Friday, July 30, 2010

Division of Anthropology and Archaeology

“CSI: UWF” - Field School Teaches Students How to Research Bones.

Transforming the campus into a mock scene straight out of the hit television show “CSI: Crime Scene Investigation,” the University of West Florida Department of Anthropology will offer a unique, hands-on course this summer. The Forensic Anthropology Field School, a course that teaches students how to successfully and efficiently find and handle skeletal remains, will be held May 11 through June 12.

“Our field school focuses on field techniques for discovery, documentation and recovery of human skeletal remains,” said Joanne Curtin, associate professor of Anthropology. “Students learn proper search, mapping and archaeology excavation techniques. They also learn field photography, reporting and presentation skills.”

As part of the field school, two study skeletons have been buried on the UWF campus. The students were provided with a mock scenario in which someone killed and buried two people in the woods at UWF. The suspect confessed to the murders and burying the bodies, but cannot recall exactly where the bodies were buried. The forensic anthropology students are tasked with locating, mapping, photographing, archaeological excavating and reporting on the skeletal remains.

“The course gives students hands-on experience practicing a variety of skills essential to forensic anthropology,” said Curtin. “UWF is one of a few institutions in the United States to offer a field school of this nature.”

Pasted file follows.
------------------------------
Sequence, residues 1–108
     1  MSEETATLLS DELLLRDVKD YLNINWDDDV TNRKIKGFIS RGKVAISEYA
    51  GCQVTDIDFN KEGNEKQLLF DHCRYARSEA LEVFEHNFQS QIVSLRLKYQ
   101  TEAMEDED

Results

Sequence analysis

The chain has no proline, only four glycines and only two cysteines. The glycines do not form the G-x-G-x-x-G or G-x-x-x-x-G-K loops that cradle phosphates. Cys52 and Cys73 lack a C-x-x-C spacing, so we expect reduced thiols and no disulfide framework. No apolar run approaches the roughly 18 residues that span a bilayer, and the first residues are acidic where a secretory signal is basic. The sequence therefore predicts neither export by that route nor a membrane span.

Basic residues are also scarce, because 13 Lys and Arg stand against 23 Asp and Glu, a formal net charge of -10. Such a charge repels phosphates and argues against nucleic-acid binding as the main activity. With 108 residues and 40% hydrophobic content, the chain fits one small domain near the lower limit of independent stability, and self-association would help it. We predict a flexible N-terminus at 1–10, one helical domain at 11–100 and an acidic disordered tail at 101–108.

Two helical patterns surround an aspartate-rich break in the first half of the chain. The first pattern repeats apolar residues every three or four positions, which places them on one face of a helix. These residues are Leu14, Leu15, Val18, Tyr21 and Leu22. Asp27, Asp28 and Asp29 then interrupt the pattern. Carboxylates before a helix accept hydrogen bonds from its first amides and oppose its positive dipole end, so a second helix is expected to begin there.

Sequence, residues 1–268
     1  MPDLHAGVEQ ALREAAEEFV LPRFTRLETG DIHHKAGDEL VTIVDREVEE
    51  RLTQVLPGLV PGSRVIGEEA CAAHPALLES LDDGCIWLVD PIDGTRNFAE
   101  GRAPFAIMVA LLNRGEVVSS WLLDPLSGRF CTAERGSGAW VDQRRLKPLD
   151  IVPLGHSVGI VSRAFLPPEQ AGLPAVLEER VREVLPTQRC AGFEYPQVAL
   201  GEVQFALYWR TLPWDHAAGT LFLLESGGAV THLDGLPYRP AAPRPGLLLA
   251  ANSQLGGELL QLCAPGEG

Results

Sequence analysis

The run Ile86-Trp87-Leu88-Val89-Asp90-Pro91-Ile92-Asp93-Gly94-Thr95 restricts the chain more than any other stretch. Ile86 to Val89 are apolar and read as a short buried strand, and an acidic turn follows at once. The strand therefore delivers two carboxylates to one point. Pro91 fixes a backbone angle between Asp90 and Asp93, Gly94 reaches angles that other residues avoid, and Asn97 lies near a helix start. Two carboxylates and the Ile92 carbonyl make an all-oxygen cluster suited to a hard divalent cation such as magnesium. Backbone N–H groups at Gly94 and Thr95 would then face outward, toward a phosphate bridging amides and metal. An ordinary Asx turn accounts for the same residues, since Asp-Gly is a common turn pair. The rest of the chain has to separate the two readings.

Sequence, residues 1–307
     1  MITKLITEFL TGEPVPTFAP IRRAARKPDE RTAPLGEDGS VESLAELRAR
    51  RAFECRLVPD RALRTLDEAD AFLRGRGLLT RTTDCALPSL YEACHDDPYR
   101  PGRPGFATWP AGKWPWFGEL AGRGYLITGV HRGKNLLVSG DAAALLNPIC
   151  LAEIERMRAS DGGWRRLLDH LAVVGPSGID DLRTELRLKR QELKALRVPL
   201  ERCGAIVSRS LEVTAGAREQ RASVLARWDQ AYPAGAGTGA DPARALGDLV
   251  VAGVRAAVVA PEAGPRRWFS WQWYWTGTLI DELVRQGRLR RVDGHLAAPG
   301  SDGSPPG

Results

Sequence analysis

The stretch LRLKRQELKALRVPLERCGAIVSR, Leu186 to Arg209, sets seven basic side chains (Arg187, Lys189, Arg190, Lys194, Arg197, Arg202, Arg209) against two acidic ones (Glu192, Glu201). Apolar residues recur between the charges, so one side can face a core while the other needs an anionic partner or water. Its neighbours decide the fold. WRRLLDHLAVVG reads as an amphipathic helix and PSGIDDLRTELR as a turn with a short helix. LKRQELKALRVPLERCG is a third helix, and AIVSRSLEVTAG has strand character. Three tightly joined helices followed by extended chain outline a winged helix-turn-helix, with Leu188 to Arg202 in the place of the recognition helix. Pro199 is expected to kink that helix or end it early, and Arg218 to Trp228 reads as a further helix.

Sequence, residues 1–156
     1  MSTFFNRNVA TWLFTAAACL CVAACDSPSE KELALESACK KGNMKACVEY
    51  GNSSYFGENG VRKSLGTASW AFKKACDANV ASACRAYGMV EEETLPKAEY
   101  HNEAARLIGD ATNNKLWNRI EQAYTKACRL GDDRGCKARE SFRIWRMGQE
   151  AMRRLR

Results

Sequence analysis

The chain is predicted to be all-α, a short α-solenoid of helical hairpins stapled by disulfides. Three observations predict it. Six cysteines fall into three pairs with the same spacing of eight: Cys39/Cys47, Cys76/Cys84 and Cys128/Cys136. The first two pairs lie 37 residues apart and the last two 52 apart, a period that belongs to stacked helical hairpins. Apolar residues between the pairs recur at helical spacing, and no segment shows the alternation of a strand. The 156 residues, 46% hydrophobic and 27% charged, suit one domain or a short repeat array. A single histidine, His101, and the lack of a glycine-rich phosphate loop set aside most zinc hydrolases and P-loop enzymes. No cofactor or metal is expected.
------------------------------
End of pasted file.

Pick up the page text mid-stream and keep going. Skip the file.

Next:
In addition to the on-campus exercise, students in the course will also have the opportunity to conduct research at St. Michael’s Cemetery in downtown Pensacola. The students will investigate and conduct test archaeology excavations of a suspected mass grave in the cemetery. UWF archaeologists have identified a few subsurface anomalies at the cemetery that they believe may be connected to the yellow fever plague that swept through Pensacola during the 19th century. Although no one has confirmed with certainty on what may have happened, Margo Stringfield, researcher with the UWF Archeological Institute, has a theory.

“Margo (Stringfield) suspects that when the epidemic swept through Pensacola, the residents may have made a mass grave and buried all of the victims in one place.” said Curtin. “The students will have the opportunity to work in the cemetery and assist in finding out if the anomalies are indeed part of a mass grave.”

The UWF Anthropology Field School is open to all majors, but is especially recommended for anthropology majors specializing in biological anthropology. Prerequisites for the course include “Biological Anthropology,” “Principles of Archaeology” and “Human Osteology” with a grade of “C” or better.

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